Cepsa partners with Indonesian palm giant Apical’s Bio-Oils on Huelva JV

According to a press release by the company, Cepsa has confirmed its new bio-refinery will be built to produce 2nd generation biofuels

Spanish oil major Cepsa has confirmed that its proposed €1 billion bio-refinery slated to be built in the southern port of Huelva will now be a joint venture with a European entity owned by one of Indonesia’s biggest palm oil producers in a press release Friday, April 14.

The plant, which had previously been announced by Cepsa, is intended to produce so-called ‘second generation’ (2G) biofuels from waste-based feedstocks and was expected to be able to produce 500,000 tonnes of sustainable aviation fuel (SAF) and renewable diesel (RD) every year.

Cepsa will be partnered in the venture by Bio-Oils, the Huelva-based arm of Apical Group – one of Indonesia’s biggest palm oil exporters.

The announcement that the plant will now be a joint venture comes as the industry increasingly worries about the supply of feedstocks into the new high-tech production capacity, with the press release explicitly referencing the strategic nature of the tie-in.

“The new plant will secure the majority of the feedstock supply from organic waste such as agricultural residue or used cooking oils through a global, long-term agreement with Apical, Bio-Oils’ parent company,” the press release said.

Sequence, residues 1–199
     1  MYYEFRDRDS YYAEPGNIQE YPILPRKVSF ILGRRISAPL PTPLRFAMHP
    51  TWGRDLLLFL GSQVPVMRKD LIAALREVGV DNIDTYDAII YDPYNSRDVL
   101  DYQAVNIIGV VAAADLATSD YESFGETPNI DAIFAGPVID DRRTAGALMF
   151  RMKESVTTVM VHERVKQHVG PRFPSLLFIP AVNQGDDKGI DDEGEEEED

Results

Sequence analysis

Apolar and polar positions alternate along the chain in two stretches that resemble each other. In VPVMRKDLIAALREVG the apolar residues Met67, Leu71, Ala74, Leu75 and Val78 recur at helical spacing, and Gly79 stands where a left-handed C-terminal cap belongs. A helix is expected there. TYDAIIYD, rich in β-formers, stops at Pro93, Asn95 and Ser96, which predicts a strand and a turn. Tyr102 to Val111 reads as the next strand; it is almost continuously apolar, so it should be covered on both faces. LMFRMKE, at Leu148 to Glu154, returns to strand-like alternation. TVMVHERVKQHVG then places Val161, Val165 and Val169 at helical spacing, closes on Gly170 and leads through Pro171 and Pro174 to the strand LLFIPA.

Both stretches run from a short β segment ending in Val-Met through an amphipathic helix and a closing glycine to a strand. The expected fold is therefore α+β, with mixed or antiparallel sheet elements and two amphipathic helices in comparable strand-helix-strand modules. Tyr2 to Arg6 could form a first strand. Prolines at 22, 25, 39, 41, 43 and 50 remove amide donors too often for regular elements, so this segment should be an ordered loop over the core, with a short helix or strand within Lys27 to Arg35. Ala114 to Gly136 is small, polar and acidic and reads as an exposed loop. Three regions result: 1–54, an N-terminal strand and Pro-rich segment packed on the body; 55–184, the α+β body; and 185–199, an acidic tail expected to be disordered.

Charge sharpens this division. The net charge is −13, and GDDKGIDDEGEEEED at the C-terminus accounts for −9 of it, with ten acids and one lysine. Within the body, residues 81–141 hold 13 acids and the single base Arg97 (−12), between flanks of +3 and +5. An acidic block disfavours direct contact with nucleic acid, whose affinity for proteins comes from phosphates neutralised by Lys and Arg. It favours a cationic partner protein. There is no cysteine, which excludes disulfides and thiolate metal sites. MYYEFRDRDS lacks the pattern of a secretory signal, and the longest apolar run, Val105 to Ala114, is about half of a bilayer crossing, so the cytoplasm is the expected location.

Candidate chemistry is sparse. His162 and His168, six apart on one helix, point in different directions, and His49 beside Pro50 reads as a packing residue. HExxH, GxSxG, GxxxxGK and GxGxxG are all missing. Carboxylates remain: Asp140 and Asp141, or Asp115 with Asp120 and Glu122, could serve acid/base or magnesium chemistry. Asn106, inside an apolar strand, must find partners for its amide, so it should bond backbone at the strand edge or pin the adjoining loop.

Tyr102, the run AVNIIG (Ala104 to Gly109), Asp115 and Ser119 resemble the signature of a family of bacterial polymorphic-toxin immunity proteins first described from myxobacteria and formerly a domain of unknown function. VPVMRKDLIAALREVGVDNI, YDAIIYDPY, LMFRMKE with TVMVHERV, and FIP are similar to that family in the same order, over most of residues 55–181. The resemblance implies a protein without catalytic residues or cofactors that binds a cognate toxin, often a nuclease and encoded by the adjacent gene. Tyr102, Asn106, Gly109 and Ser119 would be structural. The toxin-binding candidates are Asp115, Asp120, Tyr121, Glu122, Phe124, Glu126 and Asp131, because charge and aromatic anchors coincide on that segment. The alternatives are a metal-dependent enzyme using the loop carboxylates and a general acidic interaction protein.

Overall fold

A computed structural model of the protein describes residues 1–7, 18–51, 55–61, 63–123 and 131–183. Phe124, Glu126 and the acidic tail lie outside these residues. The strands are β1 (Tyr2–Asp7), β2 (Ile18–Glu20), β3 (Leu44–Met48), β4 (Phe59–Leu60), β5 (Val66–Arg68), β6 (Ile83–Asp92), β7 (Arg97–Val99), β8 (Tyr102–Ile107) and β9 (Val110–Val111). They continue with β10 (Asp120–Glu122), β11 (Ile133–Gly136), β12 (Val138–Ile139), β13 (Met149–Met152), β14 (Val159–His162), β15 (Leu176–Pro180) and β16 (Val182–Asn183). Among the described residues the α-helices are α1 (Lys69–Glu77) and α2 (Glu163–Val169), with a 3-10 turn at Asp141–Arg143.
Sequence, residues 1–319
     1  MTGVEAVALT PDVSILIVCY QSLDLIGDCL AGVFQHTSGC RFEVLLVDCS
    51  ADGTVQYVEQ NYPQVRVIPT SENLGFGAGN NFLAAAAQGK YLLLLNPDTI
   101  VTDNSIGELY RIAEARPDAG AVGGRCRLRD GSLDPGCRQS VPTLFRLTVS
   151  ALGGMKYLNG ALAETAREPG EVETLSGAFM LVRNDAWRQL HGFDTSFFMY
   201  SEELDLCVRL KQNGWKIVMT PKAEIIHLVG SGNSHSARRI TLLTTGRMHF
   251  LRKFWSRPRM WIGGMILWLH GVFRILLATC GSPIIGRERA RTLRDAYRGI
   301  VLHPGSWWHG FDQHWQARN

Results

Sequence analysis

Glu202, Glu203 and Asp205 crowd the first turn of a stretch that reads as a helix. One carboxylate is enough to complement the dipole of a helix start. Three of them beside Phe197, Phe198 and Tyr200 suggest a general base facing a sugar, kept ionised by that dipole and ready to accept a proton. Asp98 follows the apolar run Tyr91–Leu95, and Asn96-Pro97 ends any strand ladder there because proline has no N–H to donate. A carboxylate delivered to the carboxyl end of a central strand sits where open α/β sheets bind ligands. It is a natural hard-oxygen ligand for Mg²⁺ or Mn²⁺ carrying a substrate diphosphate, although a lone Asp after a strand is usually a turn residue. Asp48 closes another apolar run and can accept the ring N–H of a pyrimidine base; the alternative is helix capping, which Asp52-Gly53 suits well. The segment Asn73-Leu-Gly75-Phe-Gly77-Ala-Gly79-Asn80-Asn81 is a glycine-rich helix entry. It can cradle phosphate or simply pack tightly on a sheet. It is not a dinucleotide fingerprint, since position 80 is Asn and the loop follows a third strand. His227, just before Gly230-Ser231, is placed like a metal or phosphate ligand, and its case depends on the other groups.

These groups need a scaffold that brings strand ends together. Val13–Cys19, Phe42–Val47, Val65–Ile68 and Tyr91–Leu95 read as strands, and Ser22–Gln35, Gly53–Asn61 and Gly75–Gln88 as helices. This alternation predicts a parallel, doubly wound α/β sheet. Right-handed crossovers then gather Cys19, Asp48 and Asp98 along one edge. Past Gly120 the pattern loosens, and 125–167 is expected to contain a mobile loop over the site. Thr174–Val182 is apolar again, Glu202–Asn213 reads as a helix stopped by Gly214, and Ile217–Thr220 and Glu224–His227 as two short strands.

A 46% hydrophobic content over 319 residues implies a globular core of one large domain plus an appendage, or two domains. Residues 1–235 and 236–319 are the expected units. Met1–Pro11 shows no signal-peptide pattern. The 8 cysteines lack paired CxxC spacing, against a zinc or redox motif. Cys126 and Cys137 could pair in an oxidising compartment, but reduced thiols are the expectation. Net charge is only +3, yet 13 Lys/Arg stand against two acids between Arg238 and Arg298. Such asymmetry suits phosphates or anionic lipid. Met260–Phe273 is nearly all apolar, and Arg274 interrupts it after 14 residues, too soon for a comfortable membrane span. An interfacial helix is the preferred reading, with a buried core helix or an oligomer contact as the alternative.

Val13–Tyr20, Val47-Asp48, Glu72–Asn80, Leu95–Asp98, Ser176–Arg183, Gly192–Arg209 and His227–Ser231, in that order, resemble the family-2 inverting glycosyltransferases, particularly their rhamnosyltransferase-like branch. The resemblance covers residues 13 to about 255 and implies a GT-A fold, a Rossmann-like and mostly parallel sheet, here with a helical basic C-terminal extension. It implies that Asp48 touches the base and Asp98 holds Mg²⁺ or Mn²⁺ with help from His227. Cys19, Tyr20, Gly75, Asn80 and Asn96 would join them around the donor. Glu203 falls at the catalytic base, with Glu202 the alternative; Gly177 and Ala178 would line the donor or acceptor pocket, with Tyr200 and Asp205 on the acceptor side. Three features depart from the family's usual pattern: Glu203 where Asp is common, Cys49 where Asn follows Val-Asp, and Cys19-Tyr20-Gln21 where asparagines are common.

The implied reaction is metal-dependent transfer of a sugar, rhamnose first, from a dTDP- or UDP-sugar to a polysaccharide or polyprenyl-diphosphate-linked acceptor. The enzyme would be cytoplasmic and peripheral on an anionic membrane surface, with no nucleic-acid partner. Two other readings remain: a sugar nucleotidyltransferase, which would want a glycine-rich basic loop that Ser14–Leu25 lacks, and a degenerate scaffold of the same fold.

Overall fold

That would enable it to “address one of the key challenges facing the industry: access to feedstock.”

Addressing the challenges

Such is the scale of the ambitious plans for new biofuel mandates – particularly those relating to aviation – that vegetable oil and oilseed producers and traders are starting to push back amid fears that there won’t be enough feedstock to go around.

Earlier in March, the UK government set out proposals for plans to expand sustainable aviation fuels but capped its proposals at 2040 – citing concerns over the state of feedstock supply.

The European Union, meanwhile, has set out proposals to ensure 63% of the fuel used on outbound flights leaving the bloc will be sustainable fuels by 2050, while the USDA expects US aviation to require 36 billion gallons of SAF a year to meet decarbonization plans.

The new facility is expected to host two pre-treatment units and is expected to start operating from the first half of 2026.

The joint venture builds on the existing relationship between the two companies, with the CEO of Bio-Oils, Oscar Garcia, describing Cepsa as the company’s “largest customer” with Cepsa expecting to have a nameplate capacity of 2.5 million tonnes of biofuels by 2030.

Of that total volume, around 800,000 tonnes is expected to be SAF – enough, the press statement says, to power a plane around the world 2,000 times.

Data from flight tracking software providers Flightradar24 shows on average over the last seven days, there are just under 115,000 flights per day currently operating, hinting at the scale of the challenge ahead.

Closing that gap between expected demand and likely supply represents a significant investment opportunity,

“This alliance is in line with the European Green Deal and the European Commission’s Fit for 55 package… The agreement will serve to position Spain as a benchmark in the supply of SAF to airlines,” the press statement said.

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